The 2013 IAAPA Attractions Expo ended Friday afternoon at 4pm, with the best attendance in 10 years and a record number of visitors.
Over 29,000 amusement park and attraction industry professionals came from more than 110 nations.
The IAAPA Attractions Expo is the largest conference and trade show for the $24 billion global attractions industry. While attendance was a record high, traffic was relatively light on the closing Friday.
MCW met with Eric Bates of ARM to talk about his company's new ride, the Frenzy, which was on display at the company's outdoor exhibit. The Frenzy is a giant swing attraction that can be built as either a park or portable model.
While the portable model does not complete a full loop when swinging, the park model is capable of turning 360 degrees when anchored to the ground.
"Kids love swinging attractions and the piece has gotten a lot of attention at IAAPA" said company founder Eric Bates. The attraction, which Bates has been developing for over a year, is not yet ready to be sold. "We plan on testing the ride on the Bates Brothers Amusements route throughout 2014 to see its grossing potential before we build any more. We want to get all the bugs worked out before we sell one to one of our customers", Bates explained.
Bates had the opportunity to sell one or two at IAAPA, but could not commit until next year.
This year has been relatively solid for ARM, with a full production schedule through 2015. "I had to turn down two sales this week because we couldn't deliver for 2014" Bates added. While a bulk of their business was conducted prior to IAAPA, they did sell some rides to several parks and carnivals in the USA including a 100ft Vertigo to Drew Exposition.
ARM recently built and delivered three Super Shot rides to Traders Village, a company that hosts flea markets in Austin, Dallas and San Antonio. "They have been good customers for us", Bates said of Traders Village.
Another hit for ARM has been its re-themed Ali Baba attraction, the Rock Star. Decorated with a new LED lighting package and bright graphics, the ride has given Ali Baba sales a huge boost.
There are currently 15 Rock Star rides on the road and three more to come in the near future.
ARM is still converting existing Chance Inverters into Ali Baba type attractions. The latest is being fabricated for Wade Shows, in time for the 2014 season.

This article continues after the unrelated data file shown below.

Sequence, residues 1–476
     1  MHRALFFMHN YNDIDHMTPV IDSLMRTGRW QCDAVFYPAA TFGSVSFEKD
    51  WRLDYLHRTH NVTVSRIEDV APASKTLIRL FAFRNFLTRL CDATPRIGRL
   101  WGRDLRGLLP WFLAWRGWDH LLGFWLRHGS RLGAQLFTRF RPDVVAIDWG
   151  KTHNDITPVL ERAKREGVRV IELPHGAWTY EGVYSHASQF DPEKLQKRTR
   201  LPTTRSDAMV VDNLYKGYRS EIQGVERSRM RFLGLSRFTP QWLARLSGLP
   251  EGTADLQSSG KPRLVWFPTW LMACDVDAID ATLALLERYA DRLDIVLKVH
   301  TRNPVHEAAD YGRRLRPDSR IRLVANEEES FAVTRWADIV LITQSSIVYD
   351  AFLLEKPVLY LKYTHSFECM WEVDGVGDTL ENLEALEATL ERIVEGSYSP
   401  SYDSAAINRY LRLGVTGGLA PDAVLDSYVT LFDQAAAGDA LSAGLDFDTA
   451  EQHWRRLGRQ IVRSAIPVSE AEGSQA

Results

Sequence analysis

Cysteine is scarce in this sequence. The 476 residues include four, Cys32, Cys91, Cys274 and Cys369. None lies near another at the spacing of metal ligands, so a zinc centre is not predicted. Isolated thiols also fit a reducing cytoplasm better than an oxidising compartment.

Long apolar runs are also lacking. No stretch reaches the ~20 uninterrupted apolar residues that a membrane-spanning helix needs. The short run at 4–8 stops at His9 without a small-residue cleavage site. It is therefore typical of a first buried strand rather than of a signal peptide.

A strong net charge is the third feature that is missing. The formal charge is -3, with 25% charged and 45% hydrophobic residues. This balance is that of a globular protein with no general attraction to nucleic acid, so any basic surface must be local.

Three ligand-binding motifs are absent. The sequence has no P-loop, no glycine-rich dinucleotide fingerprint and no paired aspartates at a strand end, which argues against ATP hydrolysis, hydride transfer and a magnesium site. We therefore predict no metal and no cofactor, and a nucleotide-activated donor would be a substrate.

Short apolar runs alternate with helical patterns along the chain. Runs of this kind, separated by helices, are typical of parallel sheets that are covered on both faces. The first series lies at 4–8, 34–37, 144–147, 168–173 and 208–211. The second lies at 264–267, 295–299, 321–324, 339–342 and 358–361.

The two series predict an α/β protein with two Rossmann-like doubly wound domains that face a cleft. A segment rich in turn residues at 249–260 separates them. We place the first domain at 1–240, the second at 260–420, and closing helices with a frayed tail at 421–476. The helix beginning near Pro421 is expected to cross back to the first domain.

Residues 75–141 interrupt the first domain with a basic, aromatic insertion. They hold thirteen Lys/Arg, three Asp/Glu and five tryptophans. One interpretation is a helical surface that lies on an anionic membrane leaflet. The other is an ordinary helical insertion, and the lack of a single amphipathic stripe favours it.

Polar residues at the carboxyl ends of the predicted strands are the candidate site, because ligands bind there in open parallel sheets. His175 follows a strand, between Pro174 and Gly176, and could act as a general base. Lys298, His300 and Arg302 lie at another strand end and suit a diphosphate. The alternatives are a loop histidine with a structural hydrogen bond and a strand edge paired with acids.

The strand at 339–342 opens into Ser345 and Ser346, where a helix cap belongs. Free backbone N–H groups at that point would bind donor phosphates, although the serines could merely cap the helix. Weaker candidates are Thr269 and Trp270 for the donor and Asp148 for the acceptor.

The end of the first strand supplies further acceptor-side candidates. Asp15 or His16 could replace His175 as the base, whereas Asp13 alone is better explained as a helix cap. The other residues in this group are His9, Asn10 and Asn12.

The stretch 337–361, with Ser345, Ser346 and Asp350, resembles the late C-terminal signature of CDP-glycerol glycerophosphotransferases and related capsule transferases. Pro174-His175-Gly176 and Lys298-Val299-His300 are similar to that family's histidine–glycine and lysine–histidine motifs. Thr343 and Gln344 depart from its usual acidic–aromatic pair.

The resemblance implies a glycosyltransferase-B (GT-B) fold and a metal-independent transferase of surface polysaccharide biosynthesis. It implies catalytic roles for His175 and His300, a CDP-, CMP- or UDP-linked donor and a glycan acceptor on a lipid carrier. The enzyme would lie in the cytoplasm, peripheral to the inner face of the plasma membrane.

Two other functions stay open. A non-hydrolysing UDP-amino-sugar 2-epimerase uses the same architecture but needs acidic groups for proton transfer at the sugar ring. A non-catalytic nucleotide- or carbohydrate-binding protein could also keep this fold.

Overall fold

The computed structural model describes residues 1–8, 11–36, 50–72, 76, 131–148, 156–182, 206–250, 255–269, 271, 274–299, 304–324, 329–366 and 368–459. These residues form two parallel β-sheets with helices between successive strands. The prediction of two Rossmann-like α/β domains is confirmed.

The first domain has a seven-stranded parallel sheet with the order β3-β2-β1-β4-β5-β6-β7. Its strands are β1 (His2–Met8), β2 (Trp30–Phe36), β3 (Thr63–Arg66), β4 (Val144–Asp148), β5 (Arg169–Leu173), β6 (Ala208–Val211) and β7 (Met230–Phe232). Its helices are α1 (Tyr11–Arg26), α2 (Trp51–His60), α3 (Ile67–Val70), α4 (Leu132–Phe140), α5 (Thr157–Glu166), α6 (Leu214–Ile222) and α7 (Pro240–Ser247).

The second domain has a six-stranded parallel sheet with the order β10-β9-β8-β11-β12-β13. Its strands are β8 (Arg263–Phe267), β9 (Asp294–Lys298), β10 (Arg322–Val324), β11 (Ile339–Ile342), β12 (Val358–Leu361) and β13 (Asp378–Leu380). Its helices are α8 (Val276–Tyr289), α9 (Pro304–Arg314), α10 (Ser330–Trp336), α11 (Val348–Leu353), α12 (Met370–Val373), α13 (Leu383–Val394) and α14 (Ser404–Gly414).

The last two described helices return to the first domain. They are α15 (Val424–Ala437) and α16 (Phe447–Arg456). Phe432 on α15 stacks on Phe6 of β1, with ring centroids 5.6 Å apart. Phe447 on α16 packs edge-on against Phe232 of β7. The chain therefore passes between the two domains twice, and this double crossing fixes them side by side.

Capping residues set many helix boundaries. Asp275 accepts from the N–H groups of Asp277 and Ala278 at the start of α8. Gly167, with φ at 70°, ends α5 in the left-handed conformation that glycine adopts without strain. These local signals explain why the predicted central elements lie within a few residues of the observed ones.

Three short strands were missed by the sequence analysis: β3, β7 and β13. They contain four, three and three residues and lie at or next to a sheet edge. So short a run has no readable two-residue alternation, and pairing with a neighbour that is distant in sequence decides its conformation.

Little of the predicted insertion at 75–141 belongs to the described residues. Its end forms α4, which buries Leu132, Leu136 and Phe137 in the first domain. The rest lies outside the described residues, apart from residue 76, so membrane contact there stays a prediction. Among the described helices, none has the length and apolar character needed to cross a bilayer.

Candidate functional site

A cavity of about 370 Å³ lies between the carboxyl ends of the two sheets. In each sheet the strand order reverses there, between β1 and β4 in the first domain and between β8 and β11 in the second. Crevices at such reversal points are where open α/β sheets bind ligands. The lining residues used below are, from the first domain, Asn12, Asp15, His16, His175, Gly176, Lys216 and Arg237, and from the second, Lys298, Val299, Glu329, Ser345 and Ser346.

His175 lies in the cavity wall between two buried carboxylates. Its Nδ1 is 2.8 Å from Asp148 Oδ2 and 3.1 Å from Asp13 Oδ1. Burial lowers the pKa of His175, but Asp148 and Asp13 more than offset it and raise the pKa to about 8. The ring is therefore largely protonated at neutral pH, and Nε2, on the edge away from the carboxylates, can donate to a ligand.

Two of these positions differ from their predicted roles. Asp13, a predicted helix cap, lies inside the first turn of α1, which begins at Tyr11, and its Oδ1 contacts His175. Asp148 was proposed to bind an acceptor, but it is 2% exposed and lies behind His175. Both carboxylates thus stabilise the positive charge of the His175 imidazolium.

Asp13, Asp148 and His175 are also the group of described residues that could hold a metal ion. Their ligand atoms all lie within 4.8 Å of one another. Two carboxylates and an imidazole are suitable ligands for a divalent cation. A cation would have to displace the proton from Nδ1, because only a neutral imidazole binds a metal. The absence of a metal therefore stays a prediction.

In 2013, Wade Shows purchased an Inverter from EK Fernandez Shows of Hawaii with the intention of eventually converting it to a Rock Star. "There are becoming less and less Inverters on the road" said Bates, noting all of the Ali Baba / Inverter conversions they have completed over the years.
Another new project ARM has been working on is converting Quasar rides from hydraulic drives to electric drives. By eliminating the hydraulic drive, it eliminates the problems many owners experienced with the ride during the 80s and 90s. "The ride is still very popular on the midways", Bates said. He is contemplating bringing a Quasar to display in Gibtown this year.
Displaying in the coin opp section of IAAPA, American Changer has been in the token machine business for a long time, but has been providing automated ticketing units to the carnival industry for the last several years. Company president Wayne Schuler announced a new wireless ticketing solution the company has been working hard to develop.
The system is geared toward fairs and carnivals and does not require them to set up a complicated wireless mesh network on the midway. Customers purchase credits and place them on a smart card, which has a chip that stores the data on the card. Credits are then taken off the card when scanned at the attraction. When customers want to add more credits to the card, they bring it to a retail kiosk and select the number of credits to add and make payment using a credit card or cash.
"We call it our tap and ride system", Schuler said of the new system. "All you have to do is touch your card to the reader and it automatically debits credits from the card".